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Echoes From Dust

by L. S. Popovich

Echoes From Dust synopsis

In the Cauterhaugh, lifeforms and even the landscape are composed of synthesized metals, and beasts called cynths ravage the dwindling human settlements. Riku is a Mag, an inorganic human born in this harsh and unforgiving land.

Riku has grown up hearing stories about Mitchlum, a metropolis of habitable trees and the bastion of the Priesthood, which channels divine powers in defense against the encroaching cynths. Riku is chosen to undergo the sacred trials, assume a priest’s mantle and protect her homeland. Everyone has high expectations for her, but her destiny is hers to decide.

Table of Contents   Glossary

Chapter 42: Pilgrimage

Virgil led Izzi and Riku into his dojo. Tea was served. Several mags in bright clothing were painting the walls and columns. Work was continuing nonstop in Waypoint Town. Virgil wore a heavy skin tunic, with decorative glass beads strung over the flaps. The garb was eccentric rather than venerable and, though he was clearly the community leader, his manner was relaxed, not taciturn.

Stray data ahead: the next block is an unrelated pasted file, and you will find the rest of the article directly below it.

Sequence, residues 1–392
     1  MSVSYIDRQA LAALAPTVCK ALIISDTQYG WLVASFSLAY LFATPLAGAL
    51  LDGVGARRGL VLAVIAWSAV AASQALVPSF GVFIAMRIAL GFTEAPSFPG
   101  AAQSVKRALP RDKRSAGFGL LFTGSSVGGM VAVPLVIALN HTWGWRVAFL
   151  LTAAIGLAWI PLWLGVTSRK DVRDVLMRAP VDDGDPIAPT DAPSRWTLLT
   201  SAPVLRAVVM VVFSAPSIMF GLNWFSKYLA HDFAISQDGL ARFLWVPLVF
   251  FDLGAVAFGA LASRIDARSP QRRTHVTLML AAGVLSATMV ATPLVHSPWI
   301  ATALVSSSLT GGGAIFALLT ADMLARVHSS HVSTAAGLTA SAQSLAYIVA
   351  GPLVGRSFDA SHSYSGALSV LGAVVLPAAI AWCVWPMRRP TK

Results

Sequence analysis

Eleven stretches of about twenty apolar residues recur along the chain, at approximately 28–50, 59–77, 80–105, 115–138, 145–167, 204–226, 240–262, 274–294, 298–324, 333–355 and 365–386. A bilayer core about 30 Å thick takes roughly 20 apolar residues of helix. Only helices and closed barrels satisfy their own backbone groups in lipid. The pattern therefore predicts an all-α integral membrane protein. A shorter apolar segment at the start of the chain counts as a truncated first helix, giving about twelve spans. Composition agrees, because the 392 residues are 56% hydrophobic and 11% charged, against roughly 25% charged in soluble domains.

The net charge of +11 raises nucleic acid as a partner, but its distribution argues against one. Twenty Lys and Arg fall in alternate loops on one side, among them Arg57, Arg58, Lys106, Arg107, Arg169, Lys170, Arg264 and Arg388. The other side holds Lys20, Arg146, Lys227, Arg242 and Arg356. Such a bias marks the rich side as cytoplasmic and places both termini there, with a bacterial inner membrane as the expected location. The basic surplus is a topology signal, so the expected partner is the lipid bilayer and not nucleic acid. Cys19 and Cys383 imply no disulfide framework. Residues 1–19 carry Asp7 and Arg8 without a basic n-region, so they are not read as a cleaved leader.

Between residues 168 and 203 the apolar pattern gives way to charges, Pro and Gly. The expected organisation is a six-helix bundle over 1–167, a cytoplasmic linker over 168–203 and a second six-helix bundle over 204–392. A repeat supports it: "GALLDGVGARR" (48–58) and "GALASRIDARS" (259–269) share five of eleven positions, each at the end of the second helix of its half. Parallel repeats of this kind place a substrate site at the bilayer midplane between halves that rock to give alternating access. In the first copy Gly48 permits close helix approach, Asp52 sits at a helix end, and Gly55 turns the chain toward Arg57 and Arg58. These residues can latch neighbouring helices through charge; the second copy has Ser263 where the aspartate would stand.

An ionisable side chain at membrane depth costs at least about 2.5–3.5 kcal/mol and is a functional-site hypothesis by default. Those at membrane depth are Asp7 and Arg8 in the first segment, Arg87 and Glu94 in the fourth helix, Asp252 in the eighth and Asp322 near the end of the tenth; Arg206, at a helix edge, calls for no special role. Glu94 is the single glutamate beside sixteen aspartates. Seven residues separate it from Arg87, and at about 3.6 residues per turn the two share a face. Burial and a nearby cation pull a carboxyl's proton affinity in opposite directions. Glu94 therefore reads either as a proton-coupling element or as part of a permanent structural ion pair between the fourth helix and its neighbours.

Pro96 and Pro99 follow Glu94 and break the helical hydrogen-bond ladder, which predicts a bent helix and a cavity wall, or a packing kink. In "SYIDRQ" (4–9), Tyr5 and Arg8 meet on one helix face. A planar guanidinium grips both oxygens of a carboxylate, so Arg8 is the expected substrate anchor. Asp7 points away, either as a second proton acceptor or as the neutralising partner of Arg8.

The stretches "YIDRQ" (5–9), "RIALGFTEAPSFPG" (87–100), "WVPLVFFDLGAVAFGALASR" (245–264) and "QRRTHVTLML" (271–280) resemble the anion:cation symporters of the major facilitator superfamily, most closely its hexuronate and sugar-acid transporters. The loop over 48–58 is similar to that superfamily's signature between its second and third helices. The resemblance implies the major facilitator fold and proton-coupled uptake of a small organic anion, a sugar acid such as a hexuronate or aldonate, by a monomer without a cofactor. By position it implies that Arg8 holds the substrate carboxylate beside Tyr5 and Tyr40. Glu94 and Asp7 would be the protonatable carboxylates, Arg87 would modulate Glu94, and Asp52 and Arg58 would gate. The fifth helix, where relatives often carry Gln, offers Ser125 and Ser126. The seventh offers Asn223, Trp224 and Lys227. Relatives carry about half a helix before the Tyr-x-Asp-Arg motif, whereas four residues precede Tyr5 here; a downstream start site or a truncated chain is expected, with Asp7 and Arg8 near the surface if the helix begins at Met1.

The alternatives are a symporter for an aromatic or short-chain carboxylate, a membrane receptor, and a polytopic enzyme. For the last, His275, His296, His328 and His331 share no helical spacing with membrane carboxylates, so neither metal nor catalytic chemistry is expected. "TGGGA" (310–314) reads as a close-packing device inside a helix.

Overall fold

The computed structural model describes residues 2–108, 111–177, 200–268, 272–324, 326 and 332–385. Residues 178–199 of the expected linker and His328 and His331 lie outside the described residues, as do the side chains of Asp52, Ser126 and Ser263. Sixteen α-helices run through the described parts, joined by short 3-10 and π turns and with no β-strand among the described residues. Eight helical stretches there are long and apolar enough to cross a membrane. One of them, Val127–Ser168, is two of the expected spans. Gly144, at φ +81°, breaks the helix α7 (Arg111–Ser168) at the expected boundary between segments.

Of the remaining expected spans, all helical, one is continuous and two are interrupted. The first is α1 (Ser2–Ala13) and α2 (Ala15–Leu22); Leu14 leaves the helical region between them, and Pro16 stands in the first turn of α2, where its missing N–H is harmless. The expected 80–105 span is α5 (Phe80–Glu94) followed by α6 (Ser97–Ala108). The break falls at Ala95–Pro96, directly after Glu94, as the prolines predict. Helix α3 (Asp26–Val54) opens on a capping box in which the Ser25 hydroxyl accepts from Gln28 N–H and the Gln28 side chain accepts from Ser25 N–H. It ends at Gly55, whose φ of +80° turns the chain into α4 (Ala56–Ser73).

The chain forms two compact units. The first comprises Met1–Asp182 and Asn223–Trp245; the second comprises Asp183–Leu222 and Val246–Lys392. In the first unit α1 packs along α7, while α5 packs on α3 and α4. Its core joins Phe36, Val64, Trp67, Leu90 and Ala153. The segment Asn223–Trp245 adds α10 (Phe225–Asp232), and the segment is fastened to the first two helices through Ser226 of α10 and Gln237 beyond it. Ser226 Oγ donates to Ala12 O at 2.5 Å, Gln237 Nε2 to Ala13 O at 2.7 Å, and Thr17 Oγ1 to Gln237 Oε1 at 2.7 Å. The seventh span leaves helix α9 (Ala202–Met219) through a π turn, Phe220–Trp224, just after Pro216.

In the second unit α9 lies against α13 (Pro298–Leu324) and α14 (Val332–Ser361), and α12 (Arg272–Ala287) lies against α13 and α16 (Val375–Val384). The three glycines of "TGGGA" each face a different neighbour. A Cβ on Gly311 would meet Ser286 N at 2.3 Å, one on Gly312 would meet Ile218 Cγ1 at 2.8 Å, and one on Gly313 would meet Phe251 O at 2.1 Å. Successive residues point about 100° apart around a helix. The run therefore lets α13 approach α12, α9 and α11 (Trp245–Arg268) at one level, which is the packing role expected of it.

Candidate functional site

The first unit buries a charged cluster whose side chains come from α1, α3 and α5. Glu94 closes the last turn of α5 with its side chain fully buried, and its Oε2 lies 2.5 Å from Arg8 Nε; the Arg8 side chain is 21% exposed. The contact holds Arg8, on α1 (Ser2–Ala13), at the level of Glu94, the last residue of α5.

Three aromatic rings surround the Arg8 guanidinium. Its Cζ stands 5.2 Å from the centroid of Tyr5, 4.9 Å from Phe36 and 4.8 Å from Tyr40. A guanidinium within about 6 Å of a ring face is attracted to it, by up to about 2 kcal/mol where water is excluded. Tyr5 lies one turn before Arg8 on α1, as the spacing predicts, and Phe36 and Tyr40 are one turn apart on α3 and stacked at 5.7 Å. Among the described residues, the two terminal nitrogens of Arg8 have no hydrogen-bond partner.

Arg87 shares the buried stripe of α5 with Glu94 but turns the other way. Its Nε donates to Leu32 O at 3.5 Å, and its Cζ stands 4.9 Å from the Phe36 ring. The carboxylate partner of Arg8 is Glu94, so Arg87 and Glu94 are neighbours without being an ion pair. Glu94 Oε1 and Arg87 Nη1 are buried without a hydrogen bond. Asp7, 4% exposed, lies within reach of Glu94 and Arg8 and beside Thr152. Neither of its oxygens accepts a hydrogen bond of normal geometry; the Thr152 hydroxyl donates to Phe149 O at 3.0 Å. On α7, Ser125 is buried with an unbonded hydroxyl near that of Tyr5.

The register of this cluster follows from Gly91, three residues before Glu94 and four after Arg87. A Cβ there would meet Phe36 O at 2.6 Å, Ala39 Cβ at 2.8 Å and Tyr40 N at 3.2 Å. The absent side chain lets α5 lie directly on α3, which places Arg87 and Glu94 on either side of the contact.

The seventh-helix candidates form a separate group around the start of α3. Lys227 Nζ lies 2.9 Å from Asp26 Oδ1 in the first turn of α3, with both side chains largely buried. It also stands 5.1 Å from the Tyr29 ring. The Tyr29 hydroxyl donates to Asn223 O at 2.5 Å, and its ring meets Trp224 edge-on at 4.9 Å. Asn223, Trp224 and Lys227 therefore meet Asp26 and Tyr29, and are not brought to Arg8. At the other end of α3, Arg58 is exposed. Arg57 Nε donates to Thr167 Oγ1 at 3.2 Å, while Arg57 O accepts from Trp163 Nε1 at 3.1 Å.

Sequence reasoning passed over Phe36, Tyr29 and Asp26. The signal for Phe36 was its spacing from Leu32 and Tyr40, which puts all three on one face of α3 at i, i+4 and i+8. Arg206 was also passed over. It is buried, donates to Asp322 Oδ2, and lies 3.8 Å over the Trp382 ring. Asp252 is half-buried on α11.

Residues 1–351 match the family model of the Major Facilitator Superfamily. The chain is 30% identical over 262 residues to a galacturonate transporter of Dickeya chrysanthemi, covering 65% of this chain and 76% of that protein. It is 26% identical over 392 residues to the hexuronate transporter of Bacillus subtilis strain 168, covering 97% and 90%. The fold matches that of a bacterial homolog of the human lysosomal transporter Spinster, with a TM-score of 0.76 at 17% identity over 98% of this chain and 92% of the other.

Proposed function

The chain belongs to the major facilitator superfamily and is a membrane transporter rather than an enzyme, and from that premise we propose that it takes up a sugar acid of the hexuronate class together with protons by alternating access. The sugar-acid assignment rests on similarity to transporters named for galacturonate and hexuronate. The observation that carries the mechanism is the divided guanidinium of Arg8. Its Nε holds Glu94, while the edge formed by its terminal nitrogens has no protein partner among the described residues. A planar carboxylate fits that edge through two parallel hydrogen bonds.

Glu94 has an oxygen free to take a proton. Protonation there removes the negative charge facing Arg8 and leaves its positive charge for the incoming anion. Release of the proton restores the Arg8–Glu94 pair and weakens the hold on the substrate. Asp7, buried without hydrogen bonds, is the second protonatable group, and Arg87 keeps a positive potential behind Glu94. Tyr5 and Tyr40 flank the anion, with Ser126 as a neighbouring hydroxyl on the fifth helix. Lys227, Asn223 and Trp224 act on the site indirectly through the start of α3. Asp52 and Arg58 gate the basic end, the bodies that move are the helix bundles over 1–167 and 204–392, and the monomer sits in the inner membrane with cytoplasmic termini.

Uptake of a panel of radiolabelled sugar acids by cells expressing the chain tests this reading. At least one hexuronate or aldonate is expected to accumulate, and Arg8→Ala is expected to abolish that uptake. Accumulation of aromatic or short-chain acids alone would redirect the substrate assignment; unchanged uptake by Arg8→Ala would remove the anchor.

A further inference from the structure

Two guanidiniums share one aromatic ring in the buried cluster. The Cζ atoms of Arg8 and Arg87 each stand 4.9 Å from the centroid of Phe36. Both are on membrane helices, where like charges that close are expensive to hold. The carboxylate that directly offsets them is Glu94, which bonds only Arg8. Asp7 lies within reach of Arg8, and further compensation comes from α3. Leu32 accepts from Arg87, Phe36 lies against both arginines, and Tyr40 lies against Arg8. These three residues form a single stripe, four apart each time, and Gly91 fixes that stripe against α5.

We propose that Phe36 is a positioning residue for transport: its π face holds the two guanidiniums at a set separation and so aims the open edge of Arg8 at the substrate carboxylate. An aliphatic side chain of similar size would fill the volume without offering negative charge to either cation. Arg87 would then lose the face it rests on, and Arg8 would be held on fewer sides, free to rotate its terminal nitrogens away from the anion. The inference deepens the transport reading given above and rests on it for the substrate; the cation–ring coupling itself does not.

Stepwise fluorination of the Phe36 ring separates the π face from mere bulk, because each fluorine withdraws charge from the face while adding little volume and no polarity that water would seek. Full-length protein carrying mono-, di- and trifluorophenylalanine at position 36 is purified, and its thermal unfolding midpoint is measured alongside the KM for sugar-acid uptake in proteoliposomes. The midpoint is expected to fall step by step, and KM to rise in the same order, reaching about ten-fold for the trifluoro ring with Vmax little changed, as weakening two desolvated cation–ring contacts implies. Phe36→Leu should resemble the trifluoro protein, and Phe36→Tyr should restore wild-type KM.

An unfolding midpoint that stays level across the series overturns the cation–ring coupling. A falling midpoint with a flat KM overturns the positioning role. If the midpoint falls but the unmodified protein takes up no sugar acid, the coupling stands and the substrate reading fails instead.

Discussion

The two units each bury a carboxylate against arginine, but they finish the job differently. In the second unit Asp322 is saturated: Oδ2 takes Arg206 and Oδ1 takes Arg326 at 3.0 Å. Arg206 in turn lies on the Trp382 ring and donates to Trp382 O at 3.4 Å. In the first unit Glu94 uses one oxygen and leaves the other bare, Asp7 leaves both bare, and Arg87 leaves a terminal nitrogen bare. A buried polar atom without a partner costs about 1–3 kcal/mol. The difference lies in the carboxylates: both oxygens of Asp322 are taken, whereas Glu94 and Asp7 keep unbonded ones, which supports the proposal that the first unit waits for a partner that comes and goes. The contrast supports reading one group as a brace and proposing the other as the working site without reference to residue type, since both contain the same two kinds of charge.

“I trust you’re feeling whole again?” Virgil asked Riku, touching her repaired arm with practiced fingers.

“Yes. Thank you,” Riku said. The pain was slowly subsiding. “Is Izzie’s arm okay, too?”

Without protesting, Izzie extended her bandaged arm. When Virgil removed the cloth, he betrayed no surprise. He studied the seamless transition between flesh and metal, his lack of reaction made Riku wonder if he’d already examined her. “I wouldn’t worry about it,” he said casually. Izzie was speechless.

“What happens now?” Riku directed the question to Izzie.

Izzie sat formally, with hands clasped in front of her and a look of perfect composure on her face. “Remera must be after us. Besides worrying what I’ll do next, she’ll want to punish me for what I’ve done. So, we can’t stay here long.”

“We?” Riku said, adding an edge to her voice. Waypoint was the most comfortable place they’d been in the Cauterhaugh, and they weren’t going to find another town like it. The purpose of their journey, Riku had thought, was to heal their wounds, but was it possible Izzie was running away from the Council?